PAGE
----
Several players for the Tampa Bay Rays decided not to wear rainbow-colored emblems on their jerseys over the weekend as part of the team’s yearly attempt to commemorate LGBT Pride Month. For the team’s 16th annual Pride Night celebration on Saturday, players Jason Adam, Jalen Beeks, Brooks Raley, Jeffrey Springs, and Ryan Thompson chose to remove the rainbow emblem and wear the traditional Rays cap.
Although more than half of the squad seemed to be wearing rainbow apparel at the game, the team declined to offer a breakdown of how many players declined to wear the patches and caps with the LGBT pride flag. Team administrators picked Adam to represent the players who did not want to wear the pride-themed clothing. In an interview with the Tampa Bay Times, he said the majority of the group decided not to wear the pride-themed items because of religious views and a desire not to support what he called LGBT “behavior.”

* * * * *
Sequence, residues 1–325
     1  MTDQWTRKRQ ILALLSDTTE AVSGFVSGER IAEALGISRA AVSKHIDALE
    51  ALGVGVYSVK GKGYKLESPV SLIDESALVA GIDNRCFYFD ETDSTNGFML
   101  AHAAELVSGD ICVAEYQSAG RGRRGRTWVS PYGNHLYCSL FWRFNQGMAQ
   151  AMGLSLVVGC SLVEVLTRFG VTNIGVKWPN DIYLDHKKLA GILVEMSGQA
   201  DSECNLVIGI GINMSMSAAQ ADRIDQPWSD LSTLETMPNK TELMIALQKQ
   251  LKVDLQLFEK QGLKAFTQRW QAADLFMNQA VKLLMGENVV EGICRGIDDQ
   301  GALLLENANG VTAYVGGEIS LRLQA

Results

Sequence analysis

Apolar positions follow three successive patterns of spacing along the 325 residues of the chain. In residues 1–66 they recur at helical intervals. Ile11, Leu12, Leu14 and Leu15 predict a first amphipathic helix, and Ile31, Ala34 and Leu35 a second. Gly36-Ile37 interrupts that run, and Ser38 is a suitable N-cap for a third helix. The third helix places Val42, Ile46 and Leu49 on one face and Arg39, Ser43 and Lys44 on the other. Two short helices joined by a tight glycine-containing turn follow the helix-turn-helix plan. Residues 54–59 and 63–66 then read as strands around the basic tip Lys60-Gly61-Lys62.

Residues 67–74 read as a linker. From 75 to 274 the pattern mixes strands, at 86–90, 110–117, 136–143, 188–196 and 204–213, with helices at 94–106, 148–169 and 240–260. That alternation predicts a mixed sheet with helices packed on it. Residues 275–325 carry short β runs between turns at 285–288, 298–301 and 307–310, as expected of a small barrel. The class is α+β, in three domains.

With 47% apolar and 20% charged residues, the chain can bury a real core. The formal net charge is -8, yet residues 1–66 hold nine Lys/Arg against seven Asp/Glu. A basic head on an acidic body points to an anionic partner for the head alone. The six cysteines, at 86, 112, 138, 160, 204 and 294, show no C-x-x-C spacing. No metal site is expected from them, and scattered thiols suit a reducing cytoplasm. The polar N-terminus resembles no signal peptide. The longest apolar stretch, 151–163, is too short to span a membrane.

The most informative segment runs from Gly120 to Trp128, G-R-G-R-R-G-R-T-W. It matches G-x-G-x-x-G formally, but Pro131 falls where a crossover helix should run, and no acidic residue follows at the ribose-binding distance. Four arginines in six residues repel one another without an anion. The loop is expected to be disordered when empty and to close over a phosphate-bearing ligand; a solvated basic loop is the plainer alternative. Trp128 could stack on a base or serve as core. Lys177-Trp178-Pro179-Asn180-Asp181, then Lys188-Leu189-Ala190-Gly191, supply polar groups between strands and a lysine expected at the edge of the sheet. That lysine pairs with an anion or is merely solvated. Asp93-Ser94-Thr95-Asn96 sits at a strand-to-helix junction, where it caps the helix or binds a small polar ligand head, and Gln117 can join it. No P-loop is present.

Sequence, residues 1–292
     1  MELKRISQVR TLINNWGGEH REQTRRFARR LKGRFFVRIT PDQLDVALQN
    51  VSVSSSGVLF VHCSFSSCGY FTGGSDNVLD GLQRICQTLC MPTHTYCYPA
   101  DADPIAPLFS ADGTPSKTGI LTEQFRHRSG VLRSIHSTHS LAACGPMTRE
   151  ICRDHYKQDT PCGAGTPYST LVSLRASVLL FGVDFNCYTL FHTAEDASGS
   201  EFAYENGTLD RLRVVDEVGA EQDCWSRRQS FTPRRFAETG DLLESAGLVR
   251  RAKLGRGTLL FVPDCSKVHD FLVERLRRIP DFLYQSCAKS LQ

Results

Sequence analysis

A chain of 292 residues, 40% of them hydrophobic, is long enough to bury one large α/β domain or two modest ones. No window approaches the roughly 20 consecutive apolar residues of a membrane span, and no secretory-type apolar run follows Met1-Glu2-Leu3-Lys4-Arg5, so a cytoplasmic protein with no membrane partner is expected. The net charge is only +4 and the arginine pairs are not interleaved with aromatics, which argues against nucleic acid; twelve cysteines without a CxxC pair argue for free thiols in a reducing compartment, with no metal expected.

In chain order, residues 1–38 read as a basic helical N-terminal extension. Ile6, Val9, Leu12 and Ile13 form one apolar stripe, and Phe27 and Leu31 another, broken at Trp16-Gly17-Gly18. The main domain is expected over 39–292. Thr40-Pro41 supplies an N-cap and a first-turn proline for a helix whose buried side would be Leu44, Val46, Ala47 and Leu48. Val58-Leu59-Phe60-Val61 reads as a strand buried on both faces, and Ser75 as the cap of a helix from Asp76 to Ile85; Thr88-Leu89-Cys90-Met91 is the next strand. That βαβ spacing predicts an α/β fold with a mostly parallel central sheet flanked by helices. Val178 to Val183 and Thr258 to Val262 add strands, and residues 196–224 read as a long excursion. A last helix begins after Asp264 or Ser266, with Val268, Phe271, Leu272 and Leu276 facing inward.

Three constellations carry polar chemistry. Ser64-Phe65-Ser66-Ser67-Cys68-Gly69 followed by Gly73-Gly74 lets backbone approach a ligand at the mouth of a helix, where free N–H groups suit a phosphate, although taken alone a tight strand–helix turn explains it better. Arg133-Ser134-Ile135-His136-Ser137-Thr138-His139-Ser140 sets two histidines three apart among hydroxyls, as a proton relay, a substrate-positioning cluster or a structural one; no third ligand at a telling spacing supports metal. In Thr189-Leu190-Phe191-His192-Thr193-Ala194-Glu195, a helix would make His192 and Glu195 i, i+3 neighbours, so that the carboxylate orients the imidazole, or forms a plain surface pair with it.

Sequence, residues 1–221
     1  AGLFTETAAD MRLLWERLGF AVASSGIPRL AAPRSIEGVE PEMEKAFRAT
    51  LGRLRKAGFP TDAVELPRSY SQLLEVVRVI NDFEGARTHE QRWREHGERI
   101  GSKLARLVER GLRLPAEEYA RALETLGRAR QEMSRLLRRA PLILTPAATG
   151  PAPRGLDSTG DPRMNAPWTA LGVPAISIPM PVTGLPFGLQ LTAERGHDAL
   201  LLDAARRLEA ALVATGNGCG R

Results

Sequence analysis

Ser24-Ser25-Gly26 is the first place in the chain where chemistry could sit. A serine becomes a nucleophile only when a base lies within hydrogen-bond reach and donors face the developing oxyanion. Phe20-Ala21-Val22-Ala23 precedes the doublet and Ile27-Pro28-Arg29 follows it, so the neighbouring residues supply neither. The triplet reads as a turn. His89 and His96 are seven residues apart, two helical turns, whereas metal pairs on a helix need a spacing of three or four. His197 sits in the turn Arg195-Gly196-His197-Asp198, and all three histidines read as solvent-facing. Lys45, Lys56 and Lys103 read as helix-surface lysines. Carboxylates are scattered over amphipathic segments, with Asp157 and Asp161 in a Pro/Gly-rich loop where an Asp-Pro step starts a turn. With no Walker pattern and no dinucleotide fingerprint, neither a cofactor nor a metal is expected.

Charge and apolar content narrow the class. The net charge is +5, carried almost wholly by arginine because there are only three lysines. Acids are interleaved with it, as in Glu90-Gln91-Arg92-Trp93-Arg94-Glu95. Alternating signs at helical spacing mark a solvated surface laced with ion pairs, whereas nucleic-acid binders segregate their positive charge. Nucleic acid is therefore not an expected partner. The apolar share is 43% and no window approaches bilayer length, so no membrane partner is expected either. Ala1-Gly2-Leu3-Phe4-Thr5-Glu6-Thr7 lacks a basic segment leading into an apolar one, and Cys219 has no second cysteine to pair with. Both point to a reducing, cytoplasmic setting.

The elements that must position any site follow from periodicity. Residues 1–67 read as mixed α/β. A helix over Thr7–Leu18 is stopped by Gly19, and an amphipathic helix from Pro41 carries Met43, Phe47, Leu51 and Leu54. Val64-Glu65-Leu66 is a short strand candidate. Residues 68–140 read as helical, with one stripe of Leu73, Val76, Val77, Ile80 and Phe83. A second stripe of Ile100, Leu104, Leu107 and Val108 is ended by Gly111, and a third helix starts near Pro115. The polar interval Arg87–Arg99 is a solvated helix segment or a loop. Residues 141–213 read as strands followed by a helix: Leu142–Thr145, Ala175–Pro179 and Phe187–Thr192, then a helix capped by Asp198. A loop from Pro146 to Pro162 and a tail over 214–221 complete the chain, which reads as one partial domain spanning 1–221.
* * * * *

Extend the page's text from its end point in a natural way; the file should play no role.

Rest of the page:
Adam explained that “A lot of it comes down to faith, to like a faith-based decision. So it’s a hard decision. Because ultimately we all said what we want is them to know that all are welcome and loved here. But when we put it on our bodies, I think a lot of guys decided that it’s just a lifestyle that maybe — not that they look down on anybody or think differently — it’s just that maybe we don’t want to encourage it if we believe in Jesus, who’s encouraged us to live a lifestyle that would abstain from that behavior, just like [Jesus] encourages me as a heterosexual male to abstain from sex outside of the confines of marriage. It’s no different.” He continued, “It’s not judgmental. It’s not looking down,” the pitcher continued. “It’s just what we believe the lifestyle he’s encouraged us to live, for our good, not to withhold. But again, we love these men and women, we care about them, and we want them to feel safe and welcome here.”
Rays manager Kevin Cash rejected fears that the incident would impair the players’ camaraderie at a post-game press conference on Sunday evening. He stated, “First and foremost, I think the organization has done a really good thing to have Pride Night’s supporting our gay community to come out and have a nice night at the ballpark. Impressed that our players have had those conversions and we want to support our players that choose to wear or choose not to wear to the best of our capabilities.”